The United Steelworkers (USW) negotiating team ultimately delivered a historic contract requiring the company to invest $4 billion in 13 union-represented facilities, including about $100 million at the Weirton, W.Va., mill where Glyptis and his colleagues rely on ever-more-sophisticated equipment to make precision tin plate.

Unions fight for financial commitments like these to safeguard workers’ sweat equity—the time and labor they invest in their workplaces for decades at a stretch. Capital upgrades keep employers accountable and plants viable, preserving family-sustaining jobs while also laying the groundwork for future growth.

“Steel mills are being built across the world, and we’re definitely competing on a worldwide basis,” observed Glyptis, president of USW Local 2911, noting the overseas facilities feature the “most modern technology.”

“We’re the best steelworkers in the world. We can compete. But we have to keep up with capital investments,” continued Glyptis, who helped to represent about 12,000 USW members from six states in the talks with Cleveland-Cliffs last year.

Glyptis and other Local 2911 members fought for new equipment that they need to produce “perfectly flat and flawless” tin plate for food containers.

Based on members’ input, other local unions—supplying the military, highway contractors, aerospace and numerous other industries—went into negotiations with their own requirements for upgrades.

Members overwhelmingly ratified a new, four-year contract last fall. The vote reflected their satisfaction with the $4 billion in investments—to be allocated among the 13 worksites—as much as it did the 20 percent raises and benefit enhancements the agreement provides.

“You can have the best health care in the country or in the world, but if you can’t compete because of technological deficiencies, you’re going to be an also-ran,” Glyptis pointed out. “Maintaining a competitive facility is just as important.”

“It all goes into a decision about whether this is a fair contract. It would be difficult to have a contract passed if it didn’t have a commitment to capital investments attached,” he said, adding that the company continues hiring many younger workers who see the upgrades as crucial to raising families and putting down roots.

Unions also negotiate capital investments to protect workers from companies that might otherwise abandon plants on a whim or run them to failure while wringing out every last penny in profit.

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Knowledge and Power

Knowledge and Power
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Families from miles around lined up outside the United Steelworkers (USW) hall in Tonawanda, N.Y., a few years ago, eager for a share of the 30,000 books, from biographies to sci-fi thrillers, that Tom O’Shei and other union members handed out for free.

The hugely popular giveaway was a logical undertaking for a civic-minded union that recognized a local need and understood that sharing knowledge would help build a stronger community from the grassroots up.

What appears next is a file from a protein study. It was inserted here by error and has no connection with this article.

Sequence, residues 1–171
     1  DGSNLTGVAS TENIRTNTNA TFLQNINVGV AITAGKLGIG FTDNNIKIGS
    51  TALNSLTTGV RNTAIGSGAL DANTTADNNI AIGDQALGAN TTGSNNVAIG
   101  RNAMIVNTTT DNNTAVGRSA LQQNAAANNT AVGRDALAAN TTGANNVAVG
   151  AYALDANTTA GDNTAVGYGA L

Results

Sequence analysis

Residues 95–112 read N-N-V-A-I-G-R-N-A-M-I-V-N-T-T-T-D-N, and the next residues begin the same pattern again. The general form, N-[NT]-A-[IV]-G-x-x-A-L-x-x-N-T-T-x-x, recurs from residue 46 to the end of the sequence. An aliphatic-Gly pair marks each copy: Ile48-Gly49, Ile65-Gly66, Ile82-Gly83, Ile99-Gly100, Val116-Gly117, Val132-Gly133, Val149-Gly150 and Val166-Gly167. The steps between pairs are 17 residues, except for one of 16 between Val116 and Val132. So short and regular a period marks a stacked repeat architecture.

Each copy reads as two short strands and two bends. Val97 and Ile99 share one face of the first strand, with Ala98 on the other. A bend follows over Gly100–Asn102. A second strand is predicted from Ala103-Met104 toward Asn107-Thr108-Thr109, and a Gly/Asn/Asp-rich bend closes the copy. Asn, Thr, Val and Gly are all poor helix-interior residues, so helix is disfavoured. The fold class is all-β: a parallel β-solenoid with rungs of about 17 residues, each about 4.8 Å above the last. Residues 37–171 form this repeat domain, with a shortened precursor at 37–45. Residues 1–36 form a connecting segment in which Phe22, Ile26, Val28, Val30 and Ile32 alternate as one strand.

But while union members like O’Shei continue to harness the power of the written word to unify and bolster their hometowns, Florida Gov. Ron DeSantis opted to weaponize books in an attempt to divide and dominate.

Under the right-wing Republican’s censorship, classroom libraries remain off limits to students until state-trained watchdogs vet the books to ensure they conform to DeSantis’ politics of hate.

Local school boards across Florida ostensibly have the final word on approving or banning instructional materials, but they know that taking a responsible and inclusive approach means incurring the vindictive DeSantis’ wrath.

Adding insult to injury, teachers face criminal prosecution, thousands of dollars in fines and five years in prison for giving children access to unapproved titles. A conviction under this draconian policy also threatens a teacher’s career and voting rights.

“To me, it’s almost like trying to exercise mind control,” O’Shei, president of Local 135L, said of DeSantis’ efforts to police libraries and indoctrinate students. “Anybody who wants to ban books doesn’t have your best interest at heart.”

“When I see something like that, I would encourage kids to go to the community library and find out what they don’t want you to read,” said O’Shei.

Local 135L, which represents hundreds of workers at the Sumitomo plant in Tonawanda, considers community building an essential part of USW membership.

“We have to be good members of the community because we’re lucky enough to have a good living because of the union,” O’Shei tells new workers at the tire plant. “We want to make the community around us a better place to live, too.”

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The Threat of Supreme Injustice

The Threat of Supreme Injustice

Joe Oliveira and his co-workers relied greatly on donations of food and gift cards after going on an unfair labor practice strike against multibillion-dollar specialty steelmaker ATI in 2021.

They cut household expenses to the bone, burned through their savings despite the public’s generous support of their cause, and held fundraisers to help one another cover mortgages and car payments during 3½ months on the picket line.